As previously reported for this sample, Table 1 shows that groups did not differ on demographic variables or IQ, ps > .10; as expected, ADHD children scored significantly higher on parent- and teacher-reported inattention and hyperactivity/impulsivity symptoms, ps < .001. Children with ADHD had higher scores on the SR composite measure, t(1, 56) = 6.2, p < .001, Cohen’s d = 1.6 (see Table 1); the group difference on the baseline cognitive composite was moderate in size (Cohen’s d = .43) but fell shy of statistical significance, t(1, 56) = 1.6, p = .11.
Models 1, 2, and 3 – Independent effects of diagnostic group, baseline cognition, and SR
Parameter estimates and effect sizes for interaction terms predicting cognition
Group × Reinforcement
Baseline × Reinforcement
Sensitivity to Reward × Reinforcement
In Model 2, baseline cognition predicted cognitive performance one week later, F(1, 69) = 28.4, p < .001, and the effect of reinforcement on cognitive performance was qualified by baseline cognition, Baseline Cognition × Reinforcement, F(1, 58) = 8.2, p = .006. Reinforcement significantly enhanced cognitive performance for those with poor baseline cognition (1 SD below the mean), F(1, 58) = 46.0, p < .001, η2 = .68, but not for those with high baseline cognition (1 SD above the mean), F(1, 58) = 2.6, p = .11, η2 = .06 (Figure 1, middle panel).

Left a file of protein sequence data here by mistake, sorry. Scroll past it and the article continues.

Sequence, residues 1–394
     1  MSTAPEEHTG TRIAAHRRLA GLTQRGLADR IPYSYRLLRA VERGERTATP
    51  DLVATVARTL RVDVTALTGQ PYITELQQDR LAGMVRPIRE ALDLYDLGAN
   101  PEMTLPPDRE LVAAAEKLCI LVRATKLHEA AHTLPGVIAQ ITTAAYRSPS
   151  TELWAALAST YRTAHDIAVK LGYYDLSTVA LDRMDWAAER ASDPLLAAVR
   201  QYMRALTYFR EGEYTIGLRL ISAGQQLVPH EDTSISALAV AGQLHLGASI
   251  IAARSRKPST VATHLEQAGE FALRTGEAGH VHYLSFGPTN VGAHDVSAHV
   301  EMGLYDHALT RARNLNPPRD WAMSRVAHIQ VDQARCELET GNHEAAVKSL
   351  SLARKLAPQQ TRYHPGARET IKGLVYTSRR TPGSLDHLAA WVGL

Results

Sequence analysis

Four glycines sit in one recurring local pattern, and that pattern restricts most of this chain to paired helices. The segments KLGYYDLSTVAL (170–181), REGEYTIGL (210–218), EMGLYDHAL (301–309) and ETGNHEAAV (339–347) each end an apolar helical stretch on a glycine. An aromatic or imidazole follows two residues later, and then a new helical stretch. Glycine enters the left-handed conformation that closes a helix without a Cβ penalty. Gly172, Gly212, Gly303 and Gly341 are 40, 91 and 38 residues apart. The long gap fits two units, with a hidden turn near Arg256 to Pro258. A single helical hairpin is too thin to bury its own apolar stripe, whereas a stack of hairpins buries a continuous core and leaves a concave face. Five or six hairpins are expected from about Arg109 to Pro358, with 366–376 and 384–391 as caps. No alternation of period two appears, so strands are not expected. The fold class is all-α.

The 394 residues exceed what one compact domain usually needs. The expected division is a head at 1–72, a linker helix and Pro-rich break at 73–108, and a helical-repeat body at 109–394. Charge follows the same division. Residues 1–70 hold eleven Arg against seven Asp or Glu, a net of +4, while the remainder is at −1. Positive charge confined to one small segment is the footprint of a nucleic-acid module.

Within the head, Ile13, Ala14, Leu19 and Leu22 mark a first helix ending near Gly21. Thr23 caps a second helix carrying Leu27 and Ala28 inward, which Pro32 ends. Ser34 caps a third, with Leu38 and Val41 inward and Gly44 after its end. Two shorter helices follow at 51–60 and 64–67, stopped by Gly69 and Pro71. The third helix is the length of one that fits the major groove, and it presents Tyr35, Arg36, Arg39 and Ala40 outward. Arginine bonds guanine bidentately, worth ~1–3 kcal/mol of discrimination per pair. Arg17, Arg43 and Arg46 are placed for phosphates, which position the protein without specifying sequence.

Higher SR reliably predicted worse cognitive performance, F(1, 68.2) = 21.7, p < .001. Reinforcement effects on cognition were moderated by SR, SR × Reinforcement F(1, 58) = 8.3, p = .005, such that reinforcement improved cognition more strongly for those high in SR, F(1, 58) = 65.5, p < .001, η2 = .78, than those low in SR, F(1, 58) = 11.5, p = .001, η2 = .30 (Figure 1, bottom panel).
Models 4 and 5 – Diagnostic group and baseline cognition or SR